Networking is not as hard as it sounds, especially the introductory part is very easy and interesting. In the previous tech-recipes, we covered the practical tools used to stimulate networking. We are using HUAWEI eNSP and Wireshark to study networks. This article will cover How data packets constituents can be read in Wireshark.
What is WireShark
Everything we do over the internet travels in the form of data packets. And those data packets know where they need to head. The data is encapsulated with frames. The frames consist of headers and trailers which have all sorts of information for example to which network they have to move, how big the data is, etc.
As mentioned in previous articles, the data transfers on the basis of protocols that are set and agreed on by both the parties that are exchanging the data. Protocols are a set of rules. Observing the sequence of messages exchanged between two protocol entities, delving down into the details of protocol operation, and causing protocols to perform certain actions and then observing these actions and their consequences.
It is important for any network analyst to understand the exact constituents of data packets. We can simulate a network, send data, and halfway through we catch those data packets and pop open each of the header and trailer to see the constituents of the data packet.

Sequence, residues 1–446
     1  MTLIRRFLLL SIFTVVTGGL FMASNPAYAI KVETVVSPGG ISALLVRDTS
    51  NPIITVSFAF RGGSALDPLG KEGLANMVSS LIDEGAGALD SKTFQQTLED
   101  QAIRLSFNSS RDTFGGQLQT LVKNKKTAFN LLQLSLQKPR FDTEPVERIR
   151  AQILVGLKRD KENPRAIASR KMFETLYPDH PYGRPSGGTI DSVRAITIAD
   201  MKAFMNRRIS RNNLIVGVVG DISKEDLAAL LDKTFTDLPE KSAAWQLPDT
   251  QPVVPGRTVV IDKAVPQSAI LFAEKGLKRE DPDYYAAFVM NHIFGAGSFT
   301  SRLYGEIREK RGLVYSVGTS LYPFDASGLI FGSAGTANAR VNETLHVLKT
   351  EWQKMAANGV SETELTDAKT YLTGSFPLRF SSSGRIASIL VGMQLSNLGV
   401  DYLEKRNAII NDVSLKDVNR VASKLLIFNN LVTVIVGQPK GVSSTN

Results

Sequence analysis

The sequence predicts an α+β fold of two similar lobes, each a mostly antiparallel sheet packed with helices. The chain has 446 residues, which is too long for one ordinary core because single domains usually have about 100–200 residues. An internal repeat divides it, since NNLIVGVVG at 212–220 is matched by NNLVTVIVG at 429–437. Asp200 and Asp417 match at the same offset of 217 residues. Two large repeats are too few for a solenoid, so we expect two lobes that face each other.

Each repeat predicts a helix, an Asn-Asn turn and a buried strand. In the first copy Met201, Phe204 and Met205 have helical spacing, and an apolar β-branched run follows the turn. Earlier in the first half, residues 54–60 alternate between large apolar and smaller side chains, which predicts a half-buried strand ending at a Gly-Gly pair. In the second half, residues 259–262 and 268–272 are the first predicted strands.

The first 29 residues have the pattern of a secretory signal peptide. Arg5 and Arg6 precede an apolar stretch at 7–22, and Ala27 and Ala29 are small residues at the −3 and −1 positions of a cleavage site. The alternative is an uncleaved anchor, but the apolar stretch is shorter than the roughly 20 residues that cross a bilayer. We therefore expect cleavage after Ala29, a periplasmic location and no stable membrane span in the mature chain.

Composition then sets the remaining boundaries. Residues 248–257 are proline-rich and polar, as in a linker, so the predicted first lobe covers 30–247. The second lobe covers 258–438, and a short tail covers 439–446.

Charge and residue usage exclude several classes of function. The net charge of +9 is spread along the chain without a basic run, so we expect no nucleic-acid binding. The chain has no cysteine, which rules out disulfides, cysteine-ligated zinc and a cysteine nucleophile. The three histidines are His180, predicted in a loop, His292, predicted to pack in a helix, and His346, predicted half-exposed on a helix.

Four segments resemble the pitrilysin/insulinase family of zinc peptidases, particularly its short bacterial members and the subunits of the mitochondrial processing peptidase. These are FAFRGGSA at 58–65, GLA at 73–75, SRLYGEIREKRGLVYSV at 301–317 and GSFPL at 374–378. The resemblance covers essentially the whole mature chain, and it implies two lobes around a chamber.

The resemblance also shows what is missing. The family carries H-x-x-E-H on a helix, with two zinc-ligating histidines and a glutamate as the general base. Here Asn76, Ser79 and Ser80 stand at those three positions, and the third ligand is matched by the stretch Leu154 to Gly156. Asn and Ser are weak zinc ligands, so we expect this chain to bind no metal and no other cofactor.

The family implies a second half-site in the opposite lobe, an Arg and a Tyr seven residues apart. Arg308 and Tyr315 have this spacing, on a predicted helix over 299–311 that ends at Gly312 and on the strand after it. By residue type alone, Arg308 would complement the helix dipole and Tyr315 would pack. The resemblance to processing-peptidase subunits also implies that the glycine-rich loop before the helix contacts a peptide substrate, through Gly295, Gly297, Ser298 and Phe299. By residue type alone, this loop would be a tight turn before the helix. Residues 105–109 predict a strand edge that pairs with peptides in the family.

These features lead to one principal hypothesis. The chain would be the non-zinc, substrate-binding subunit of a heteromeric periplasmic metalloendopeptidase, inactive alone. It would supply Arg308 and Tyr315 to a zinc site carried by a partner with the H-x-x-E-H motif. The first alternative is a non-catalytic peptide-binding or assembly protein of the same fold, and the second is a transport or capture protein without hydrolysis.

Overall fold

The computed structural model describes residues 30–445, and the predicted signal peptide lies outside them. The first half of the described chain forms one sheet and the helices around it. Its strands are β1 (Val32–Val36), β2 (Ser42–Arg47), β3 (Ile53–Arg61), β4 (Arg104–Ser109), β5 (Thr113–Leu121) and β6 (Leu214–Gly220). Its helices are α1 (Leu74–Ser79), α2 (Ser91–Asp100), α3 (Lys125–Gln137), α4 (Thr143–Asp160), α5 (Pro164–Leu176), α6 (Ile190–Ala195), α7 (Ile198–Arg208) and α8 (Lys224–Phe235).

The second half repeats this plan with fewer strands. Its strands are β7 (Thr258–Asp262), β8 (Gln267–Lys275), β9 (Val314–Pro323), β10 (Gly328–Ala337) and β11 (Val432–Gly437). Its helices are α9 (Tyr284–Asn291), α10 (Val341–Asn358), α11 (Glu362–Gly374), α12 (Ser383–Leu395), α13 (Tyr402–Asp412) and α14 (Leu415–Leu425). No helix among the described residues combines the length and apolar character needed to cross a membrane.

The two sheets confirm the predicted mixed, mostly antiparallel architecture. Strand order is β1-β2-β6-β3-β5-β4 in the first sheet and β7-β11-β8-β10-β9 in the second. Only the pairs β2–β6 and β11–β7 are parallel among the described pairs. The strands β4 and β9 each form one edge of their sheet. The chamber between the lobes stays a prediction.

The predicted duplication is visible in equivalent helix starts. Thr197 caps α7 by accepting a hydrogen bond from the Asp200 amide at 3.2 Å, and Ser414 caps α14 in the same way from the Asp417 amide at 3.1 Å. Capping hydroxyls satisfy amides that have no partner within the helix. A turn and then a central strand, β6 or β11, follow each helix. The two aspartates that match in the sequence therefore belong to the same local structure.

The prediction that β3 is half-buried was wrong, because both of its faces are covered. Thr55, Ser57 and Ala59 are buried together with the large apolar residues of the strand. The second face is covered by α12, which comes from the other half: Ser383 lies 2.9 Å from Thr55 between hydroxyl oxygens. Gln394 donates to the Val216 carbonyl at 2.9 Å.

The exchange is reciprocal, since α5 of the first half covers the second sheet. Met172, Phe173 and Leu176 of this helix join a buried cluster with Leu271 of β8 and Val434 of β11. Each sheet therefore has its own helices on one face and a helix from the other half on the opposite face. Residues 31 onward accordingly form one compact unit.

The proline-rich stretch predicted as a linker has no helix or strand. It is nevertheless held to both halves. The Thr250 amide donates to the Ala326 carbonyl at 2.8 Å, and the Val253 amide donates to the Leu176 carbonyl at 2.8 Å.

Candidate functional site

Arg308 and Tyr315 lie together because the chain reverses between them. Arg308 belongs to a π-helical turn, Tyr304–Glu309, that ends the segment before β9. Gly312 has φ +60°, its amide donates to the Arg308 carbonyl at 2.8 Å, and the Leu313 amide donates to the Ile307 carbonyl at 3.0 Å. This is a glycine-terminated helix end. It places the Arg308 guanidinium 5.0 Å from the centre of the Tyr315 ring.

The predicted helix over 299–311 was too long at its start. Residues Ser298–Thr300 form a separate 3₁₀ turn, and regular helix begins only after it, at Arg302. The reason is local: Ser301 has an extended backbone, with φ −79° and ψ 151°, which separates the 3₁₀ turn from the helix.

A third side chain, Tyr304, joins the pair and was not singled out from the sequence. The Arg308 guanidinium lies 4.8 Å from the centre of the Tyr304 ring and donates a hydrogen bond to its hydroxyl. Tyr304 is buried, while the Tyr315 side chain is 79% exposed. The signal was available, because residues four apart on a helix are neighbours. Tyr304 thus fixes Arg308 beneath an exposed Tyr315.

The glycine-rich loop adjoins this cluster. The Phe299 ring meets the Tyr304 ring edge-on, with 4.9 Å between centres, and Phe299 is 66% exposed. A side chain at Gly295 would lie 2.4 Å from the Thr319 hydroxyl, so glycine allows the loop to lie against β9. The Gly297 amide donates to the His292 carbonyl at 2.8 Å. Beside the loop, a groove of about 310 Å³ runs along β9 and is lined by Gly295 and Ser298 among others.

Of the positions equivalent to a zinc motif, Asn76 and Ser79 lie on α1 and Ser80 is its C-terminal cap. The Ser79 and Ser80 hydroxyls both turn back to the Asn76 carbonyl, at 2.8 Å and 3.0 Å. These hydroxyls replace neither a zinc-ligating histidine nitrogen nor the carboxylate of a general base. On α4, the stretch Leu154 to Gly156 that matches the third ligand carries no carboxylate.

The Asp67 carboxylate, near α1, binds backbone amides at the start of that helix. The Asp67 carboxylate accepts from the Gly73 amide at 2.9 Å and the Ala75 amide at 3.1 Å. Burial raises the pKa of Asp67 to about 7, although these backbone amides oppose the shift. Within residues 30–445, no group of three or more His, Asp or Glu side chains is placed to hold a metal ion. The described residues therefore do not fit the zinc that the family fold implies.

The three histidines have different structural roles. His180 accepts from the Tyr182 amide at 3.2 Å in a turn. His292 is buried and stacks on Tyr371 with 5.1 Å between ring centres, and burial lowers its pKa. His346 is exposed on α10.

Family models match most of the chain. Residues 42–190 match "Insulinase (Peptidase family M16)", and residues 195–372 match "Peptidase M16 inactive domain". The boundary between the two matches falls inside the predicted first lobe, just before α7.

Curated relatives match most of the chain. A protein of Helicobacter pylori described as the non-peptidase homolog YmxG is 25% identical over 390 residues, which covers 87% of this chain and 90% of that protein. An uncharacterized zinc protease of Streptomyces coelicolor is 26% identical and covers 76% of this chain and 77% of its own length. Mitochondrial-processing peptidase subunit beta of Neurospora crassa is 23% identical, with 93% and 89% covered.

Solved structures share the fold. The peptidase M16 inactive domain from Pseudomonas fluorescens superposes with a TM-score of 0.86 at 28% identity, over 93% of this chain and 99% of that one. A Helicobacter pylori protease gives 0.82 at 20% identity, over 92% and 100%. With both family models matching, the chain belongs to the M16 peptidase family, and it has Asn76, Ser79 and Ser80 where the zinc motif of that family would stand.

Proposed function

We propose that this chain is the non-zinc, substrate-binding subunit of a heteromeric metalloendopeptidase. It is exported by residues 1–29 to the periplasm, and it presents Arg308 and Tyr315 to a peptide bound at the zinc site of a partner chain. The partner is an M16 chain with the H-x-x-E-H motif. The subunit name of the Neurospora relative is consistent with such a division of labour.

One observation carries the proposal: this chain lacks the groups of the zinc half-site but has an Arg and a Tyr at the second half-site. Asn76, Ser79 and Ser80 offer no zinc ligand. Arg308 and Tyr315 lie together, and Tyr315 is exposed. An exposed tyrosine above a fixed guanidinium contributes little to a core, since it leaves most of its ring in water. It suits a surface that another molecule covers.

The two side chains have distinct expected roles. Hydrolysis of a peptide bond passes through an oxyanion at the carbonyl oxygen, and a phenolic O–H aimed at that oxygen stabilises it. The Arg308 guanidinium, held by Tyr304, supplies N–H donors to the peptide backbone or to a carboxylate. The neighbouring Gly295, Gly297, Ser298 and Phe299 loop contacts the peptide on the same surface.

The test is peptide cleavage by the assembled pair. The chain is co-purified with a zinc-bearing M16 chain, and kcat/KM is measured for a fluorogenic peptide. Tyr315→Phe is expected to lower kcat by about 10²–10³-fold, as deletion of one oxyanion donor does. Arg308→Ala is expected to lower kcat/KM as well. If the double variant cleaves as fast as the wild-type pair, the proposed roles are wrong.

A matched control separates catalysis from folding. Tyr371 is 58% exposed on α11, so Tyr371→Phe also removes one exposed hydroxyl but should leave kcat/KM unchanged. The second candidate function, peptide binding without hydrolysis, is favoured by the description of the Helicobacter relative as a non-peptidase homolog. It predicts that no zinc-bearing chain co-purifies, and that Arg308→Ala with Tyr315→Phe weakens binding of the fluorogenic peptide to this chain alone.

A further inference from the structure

The basic tool for observing the exchange of messages between executing protocol entities is called a packet sniffer. As the name suggests, a packet sniffer captures (“sniffs”) messages being sent/receive from/by your computer; it will also typically store and/or display the contents of the various protocol fields in these captured messages.
Check out this article to set up a small network.How to Establish a Single Switched Network. Once you set up a network of two computers using a copper wire, and send some data from one device to the other, we need to follow the below steps
How to Read Data Packet Constituents in Wireshark
1. You have to make a few configuration settings for each of the devices. Click on one of the devices and open settings. Set the IP address, make sure you have the same network address for both devices, 192.168.1.1 for this device.
2. For the other device open the settings and write the IP address, change the host address from the above IP address. i.e set the host address to 192.168.1.2. If you have no idea about the divine of IP address you can check out this tech recipe where I explained the IP and MAC address. Once the configuration is done click on the command to open the command line
3. Now to send data from one device to another simply ping one device from the other. On-device ping device B.
4. Now capture the data on the other device. This will open the Wireshark window, which will sniff the packet to read the constituents of that data. However, you have to ping again once Wireshark opens because the other ping command has already executed
5. The captured data will look like this. Note all the details of the data.
From here you can observe all the constituents of the data. However, the details of the data will occupy the next tech-recipes until then enjoy the other recipes available to you via tech-recipes.